Whitechapel: The Final Stand of Sherlock Holmes (Gentlemen's Edition)

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9781467943444: Whitechapel: The Final Stand of Sherlock Holmes (Gentlemen's Edition)

Edited to remove all graphic content.  However, it is not suitable for children.  The Whitechapel Ripper Must be Stopped A madman on the loose, driven by dark urges and uncontrollable violence. A hero, lost in the grip of addiction. The greatest and most desperate criminal investigation in history.Who will save us from Jack the Ripper? The most terrifying, explicit, and realistic Sherlock Holmes story ever told.  Whitechapel: The Final Stand of Sherlock Holmes provides readers a rare look at the lives of the victims, the monster known as Jack the Ripper, and the characters of Arthur Conan Doyle's beloved stories. All are presented in a fresh and entirely new way. A entirely new realistic way.Readers familiar with the Holmes stories will be shocked (and in some cases upset) with these new characterizations, but take heed as Gerard Lestrade transforms from doddering simpleton into an actual living and breathing detective assigned to the worst slum imaginable. They will be captivated by the reality of Holmes' addiction to cocaine and morphine. They will find themselves walking the cobblestone streets of Whitechapel, wondering if Bloody Jack's blade might be aimed at their throats next. 

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From the Author:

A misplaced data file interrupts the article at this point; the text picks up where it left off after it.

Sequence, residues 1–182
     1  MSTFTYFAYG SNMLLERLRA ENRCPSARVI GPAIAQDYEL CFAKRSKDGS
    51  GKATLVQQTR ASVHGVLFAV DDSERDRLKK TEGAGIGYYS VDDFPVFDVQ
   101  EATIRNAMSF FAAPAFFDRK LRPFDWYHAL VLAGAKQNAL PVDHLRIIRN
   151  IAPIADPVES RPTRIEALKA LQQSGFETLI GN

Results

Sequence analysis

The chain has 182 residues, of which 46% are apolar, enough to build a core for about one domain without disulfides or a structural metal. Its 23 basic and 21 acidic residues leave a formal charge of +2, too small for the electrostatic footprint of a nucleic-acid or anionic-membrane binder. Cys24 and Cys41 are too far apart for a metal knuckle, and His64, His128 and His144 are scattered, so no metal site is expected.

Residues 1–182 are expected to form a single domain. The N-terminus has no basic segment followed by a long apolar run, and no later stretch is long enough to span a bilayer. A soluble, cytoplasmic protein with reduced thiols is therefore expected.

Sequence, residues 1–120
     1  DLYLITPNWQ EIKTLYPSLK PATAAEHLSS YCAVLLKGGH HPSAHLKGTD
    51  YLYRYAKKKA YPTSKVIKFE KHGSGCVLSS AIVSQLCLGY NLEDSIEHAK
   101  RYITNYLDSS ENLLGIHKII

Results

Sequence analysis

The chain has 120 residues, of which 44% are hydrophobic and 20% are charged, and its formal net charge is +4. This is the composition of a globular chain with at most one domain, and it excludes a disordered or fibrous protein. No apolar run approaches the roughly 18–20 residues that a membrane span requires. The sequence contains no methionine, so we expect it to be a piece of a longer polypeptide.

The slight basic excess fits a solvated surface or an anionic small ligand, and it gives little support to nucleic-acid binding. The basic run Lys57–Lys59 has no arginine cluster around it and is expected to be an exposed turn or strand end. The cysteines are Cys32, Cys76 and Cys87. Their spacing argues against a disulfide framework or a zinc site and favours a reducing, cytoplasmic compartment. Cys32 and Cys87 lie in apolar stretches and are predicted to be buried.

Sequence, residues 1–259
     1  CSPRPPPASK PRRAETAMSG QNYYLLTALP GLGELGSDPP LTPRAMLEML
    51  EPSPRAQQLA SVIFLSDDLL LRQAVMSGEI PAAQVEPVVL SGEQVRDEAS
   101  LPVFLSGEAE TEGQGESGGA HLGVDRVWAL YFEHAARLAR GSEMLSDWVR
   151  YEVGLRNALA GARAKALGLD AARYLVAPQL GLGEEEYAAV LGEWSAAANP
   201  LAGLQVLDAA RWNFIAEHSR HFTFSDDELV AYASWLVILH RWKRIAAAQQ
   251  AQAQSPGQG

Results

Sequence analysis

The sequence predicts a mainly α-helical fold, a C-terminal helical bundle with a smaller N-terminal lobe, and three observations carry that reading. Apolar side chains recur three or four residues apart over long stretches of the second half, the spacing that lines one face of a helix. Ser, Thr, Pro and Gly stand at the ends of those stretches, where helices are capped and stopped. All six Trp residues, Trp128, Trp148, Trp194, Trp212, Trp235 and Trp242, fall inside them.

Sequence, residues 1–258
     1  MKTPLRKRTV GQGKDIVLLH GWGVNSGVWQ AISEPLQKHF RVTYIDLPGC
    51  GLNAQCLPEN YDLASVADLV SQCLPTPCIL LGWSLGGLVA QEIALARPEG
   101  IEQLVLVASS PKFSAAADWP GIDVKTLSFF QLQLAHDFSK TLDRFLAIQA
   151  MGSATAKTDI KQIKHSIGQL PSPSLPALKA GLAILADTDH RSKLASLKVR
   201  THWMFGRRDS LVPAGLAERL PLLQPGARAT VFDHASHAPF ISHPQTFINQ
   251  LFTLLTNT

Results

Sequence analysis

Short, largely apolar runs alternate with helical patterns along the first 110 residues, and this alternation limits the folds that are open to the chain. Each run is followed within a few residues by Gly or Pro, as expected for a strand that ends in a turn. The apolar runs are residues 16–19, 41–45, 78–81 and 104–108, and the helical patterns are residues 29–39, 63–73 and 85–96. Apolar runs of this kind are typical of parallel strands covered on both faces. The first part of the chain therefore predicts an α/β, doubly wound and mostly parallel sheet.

Q and A with Whitechapel Author Bernard Schaffer
 
Q: Setting out to write a story for a character as well-known and beloved as Sherlock Holmes must have been an indescribable challenge. How influential was Arthur Conan Doyle's original work on you as a writer--Sherlock Holmes or otherwise? 
A: My first introduction to the character was through film. When I was a child, Saturday's were dedicated to cartoons in the morning, then a Kung Fu movie, a Godzilla movie, and finally a monster film in the late afternoon. I distinctly remember watching Peter Cushing play Holmes in Hammer Films' Hound of the Baskervilles as a small boy. 
Later on, I bought a two-volume collection of ACD's entire Holmes canon. The first thing I read was The Final Problem because I wanted to see how Holmes ended up. So there you have it. My first exposure to Holmes was a horror movie and my first reading was about his violent death. It's really no wonder I wound up writing WHITECHAPEL, now that I think about it. 
Q: At any point were you concerned about potential backlash from the Sherlock faithful? 
A: There was an incident early on with one of the Sherlock fan websites where the editor was outraged at my abuse of Jack the Ripper, of all things. That kind of threw me. I mean, he was fine with me turning Holmes into a drug addicted hermit and Lestrade into an abusive whoremonger, but how dare I give Saint Jack a sexual aspect and be so damn gory. 
My book is extremely graphic. I make no apologies for it. But it is graphic only because I told the truth about what the Ripper did to his victims, and because the time and place these people lived in has not been fairly depicted. This was an unbelievably oppressive time for the poor in that part of the world, and they were considered fair game. 
If anything, my book is more honest than what they're used to, and they shouldn't be upset with me for telling the truth.